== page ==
- Uses weighted heuristic search to quickly find some solution and then continues to search in the same manner to find improved solutions. Considers generally how to turn recursive search into anytime search
- Previous work studied how to bound the error weighted search can introduce in terms of found policy vs optimal. Generally it is assumed search is terminated after weighted search finds a result, but this paper proposes to keep searching after that point.
- The paper claims that as long as the heuristic is admissible, the first goal node selected for expansion is guaranteed to be optimal, but someone told me A* can lead to suboptimal results in the mult-goal setting…
- Whenever a node is expanded, it optimal value has already been computed

- Weighting the heuristic function makes the value estimate non-admissible, so the result found may not be optimal. On the other hand, the result is generally found more quickly than in the case where an admissible function is computed.
- For f'(n)=g(n)+w*h(n), the cost of the solution can’t be more than a factor of
*w*worse than optimal. This solution is said to be epsilon-admissible for epsilon - “Weighted heuristic search is most effective for search problems with close-to-optimal solutions, and can often find a close-to-optimal solution in a small fraction of the time it takes to find an optimal solution” Basic idea of kappa in Bubeck’s stuff
- Other approaches of biasing search are adjusting weights according to depth in search, using weighted heuristics to identify a subset of open nodes that can be opened w/o loss of epsilon-optimality
- Can check convergence to optimal by computing costs with unweighted admissible heuristic (or just actual costs)
- Basic idea can be used with non-admissible heuristics as well, but I guess in that case the epsilon-optimality is gone
- They also discuss using heuristic to avoid pushing nodes that must be suboptimal onto the queue
- They also mention it may be good to apply pruning to items in queue that can’t be optimal can be helpful
- A node can be reinserted into the queue if its cost is later revised to be lower than originally computed, seems like the dynamic programming in LAO* is a better method than reprocessing the graph like this
- Proofs for convergence to optimality and bound of suboptimality of anytime weighted A*
- The upper bounds on the cost of the best path found are strictly monotonically decreasing
- The empirical performance of the algorithm is evaluated on 8 benchmark problems from biennial planning competitions.
- In some cases blew through 2 gigs of ram and couldn’t complete search

- Also look into sequence alignment, discusses method that doesn’t expand all vertices from each node
- A domain like this might serve FS^3 better than A* variants

- A big issue seems to be maintaining a small open list in terms of memory requirements
- Vanilla weighted A* is often faster than A* because in cases where there are many near-optimal paths, it doesn’t spend much time trying to differentiate between them.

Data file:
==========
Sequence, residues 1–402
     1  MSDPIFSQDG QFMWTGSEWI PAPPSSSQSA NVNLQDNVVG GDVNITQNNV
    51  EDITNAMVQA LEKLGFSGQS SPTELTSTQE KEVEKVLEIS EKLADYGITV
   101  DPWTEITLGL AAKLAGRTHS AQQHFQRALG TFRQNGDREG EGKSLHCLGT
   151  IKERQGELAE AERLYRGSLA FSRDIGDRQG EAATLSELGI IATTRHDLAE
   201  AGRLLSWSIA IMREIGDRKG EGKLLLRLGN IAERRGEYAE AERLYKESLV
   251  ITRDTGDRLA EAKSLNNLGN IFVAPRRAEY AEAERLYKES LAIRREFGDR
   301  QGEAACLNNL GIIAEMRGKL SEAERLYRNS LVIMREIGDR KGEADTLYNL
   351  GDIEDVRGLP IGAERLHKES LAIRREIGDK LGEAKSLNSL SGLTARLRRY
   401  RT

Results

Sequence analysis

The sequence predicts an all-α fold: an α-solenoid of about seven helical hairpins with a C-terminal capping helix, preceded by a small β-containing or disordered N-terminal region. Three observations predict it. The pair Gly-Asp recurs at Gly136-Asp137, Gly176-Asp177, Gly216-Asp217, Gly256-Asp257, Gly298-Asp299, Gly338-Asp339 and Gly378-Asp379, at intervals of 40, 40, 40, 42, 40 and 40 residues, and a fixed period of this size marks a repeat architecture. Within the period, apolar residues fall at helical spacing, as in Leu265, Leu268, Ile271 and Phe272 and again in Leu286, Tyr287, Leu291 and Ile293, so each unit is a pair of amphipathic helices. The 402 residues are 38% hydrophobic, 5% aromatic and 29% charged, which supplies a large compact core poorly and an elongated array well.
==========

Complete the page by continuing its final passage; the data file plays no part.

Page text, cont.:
- Anytime weighted A* sometimes reaches the optimal solution using less memory and time than A*. A* is optimally efficient in terms of the #of nodes expanded, but not optimal in terms of these other metrics
- Instead of weights, could use any other non-admissible heuristics
- Show how to convert Recursive Best-First Search (has linear memory in the depth of the search) into an anytime method.
- RBFS is a heuristic algorithm that expands frontier nodes in a best-first manner, but does so with a DFS-based search
- Build a stack containing all nodes visited along the current path and all the siblings of those nodes, has memory requirements of O(depth*branching factor)
- Instead of going fully depth-first, RBFS keeps track of f-cost of best alternative path available from any ancestor of current node. If f-cost of current path exceeds the next best cost over the nodes currently recorded by a certain threshold, backtrack and start search from cheaper nodes
- <Skipping rest of that as it doesn’t seem particularly relevant>

- Previous algorithm called Anytime Repairing A*(Likachev, Gordon, Thrun) is pretty similar to AWA* except it decreases the weight after each search and has a technique of limiting the node reexpansions. It was used on real time robot planning.
- Reducing the weight after each step brings results closer to optimal each time, at the cost of potential longer search times
- Show an example where ARA* seems to have nodes stored exponential in that of AWA* (as weight increases)
- This is due to the changing weights. Since using weights makes the algorithm inconsistent(a node can be expanded before its cheapest cost is found), a node may have to be put on the queue again so the new value can propagate through. Changing the weights incrementally can make this happen over and over again.
- Also argue that the method used to prevent nodes from being readded to the queue causes more distinct nodes to be expanded and can prevent good solutions from being found.

- Discuss Real-Time A* which assumes search is interleaved with execution, also something called DTA*
- Depth-first branch and bound (DFBnB) are good for problems that have many solutions a the same depth (traveling salesperson). Finds a suboptimal solution and then prunes anything that has to be worst than the best found so far.
- Ideas similar to DFBnB was brought into A* with Iterative-Deepening A* (IDA*), but this is bad in cases were all nodes have distinct edge costs (like if they are reals), empirically good a tree-searching

- Bidirectional A* starts one search from the beginning and one from the goal
- Some methods that do local-search by finding a suboptimal path and then exploring segments around the path.
- Also k-group A* that focuses on groups of sequences as opposed to one large sequence